Probiotic Administration of B.infantis Benefits Adults with Partly-Controlled Asthma

By Jeff Craven /alert Contributor
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Adults with partly-controlled asthma who received Bifidobacterium infantis (B.infantis) 35624 had better asthma control and decreased frequency of dysfunctional regulatory T cells after 4 weeks compared with a placebo group, according to research released as an abstract from the American Academy of Allergy, Asthma & Immunology Annual Meeting.

“Probiotics can modulate the immune system by inducing Treg cells, and insufficient exposure to environmental microbes is one of the causes of the development of allergy like asthma, atopic dermatitis, rhinitis and food allergy,” Sasipa Sangkanjanavanich, MD, of the Phramongkutklao Hospital in Bangkok, Thailand, said in an interview with MD /alert.

Sangkanjanavanich and colleagues performed a randomized controlled trial of 63 patients with partly-controlled asthma who received either 4 weeks of B.infantis 35624 or placebo. She said B.infantis 35624 was chosen because previous studies have shown administration of the bacteria reduced plasma C-reactive protein (CRP), pro-inflammatory cytokine levels and increased Treg in both gastrointestinal and non-gastrointestinal inflammatory disorders, although this association has not been shown in patients with asthma.

“We hypothesized that B.infantis 35624 administration together with conventional asthma treatment would improve asthma control in adults,” Sangkanjanavanich said.

Overall, 30 patients were assigned to the probiotic group and 30 patients to the placebo group in the study. The researchers analyzed baseline forced expiratory volume (FEV1), forced vital capacity (FVC), asthma control test (ACT) score and absolute eosinophil counts (AEC), measuring them again after 4 weeks. They also used flow cytometry to examine whole blood for dysfunctional regulatory T cells (CRTH2+ Treg). Regardless of whether they received the probiotic intervention, all patients continued to receive full asthma treatment without full systemic corticosteroids.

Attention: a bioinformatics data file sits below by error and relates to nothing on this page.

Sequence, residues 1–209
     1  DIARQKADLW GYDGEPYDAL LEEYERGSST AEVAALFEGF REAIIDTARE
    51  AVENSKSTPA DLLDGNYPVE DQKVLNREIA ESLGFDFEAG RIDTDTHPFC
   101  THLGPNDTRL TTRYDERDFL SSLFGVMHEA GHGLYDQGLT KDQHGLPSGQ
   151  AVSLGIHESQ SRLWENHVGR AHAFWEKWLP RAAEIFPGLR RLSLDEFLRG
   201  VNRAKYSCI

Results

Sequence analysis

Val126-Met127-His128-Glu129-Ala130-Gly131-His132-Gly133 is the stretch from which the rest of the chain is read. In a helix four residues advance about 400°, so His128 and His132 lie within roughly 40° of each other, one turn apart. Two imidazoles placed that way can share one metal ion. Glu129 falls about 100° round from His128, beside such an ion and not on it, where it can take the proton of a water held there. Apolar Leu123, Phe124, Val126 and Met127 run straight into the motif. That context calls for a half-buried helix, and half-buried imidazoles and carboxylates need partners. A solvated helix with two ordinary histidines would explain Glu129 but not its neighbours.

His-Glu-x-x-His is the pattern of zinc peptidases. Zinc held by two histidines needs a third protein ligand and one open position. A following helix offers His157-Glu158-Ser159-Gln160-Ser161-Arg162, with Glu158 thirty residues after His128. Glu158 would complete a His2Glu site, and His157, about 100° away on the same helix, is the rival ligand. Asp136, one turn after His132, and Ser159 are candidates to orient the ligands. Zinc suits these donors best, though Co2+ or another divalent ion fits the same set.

Patients in the probiotic group had better asthma control as measured by ACT, Visual Analog Scale, mean change in FEV1 and FVC, and number of times using a rescue inhaler, after 4 weeks of administration. In a subgroup analysis, patients with uncontrolled asthma (ACT < 20) had significantly increased lung function (P = .03) and significantly reduced the number of times they used their rescue inhaler (P = .04) in the probiotic group compared with the placebo group. In addition, the probiotic group also had a decreased frequency of CRTH2+ Treg cells compared with the placebo group. There was 1 case of discontinuation of probiotics due to abdominal discomfort, the researchers said.

“I think probiotics are good, especially in a child and the elderly, but a long-term study should be conducted to support the efficacy of probiotics as an add-on treatment in asthmatic patients,” Sangkanjanavanich said.



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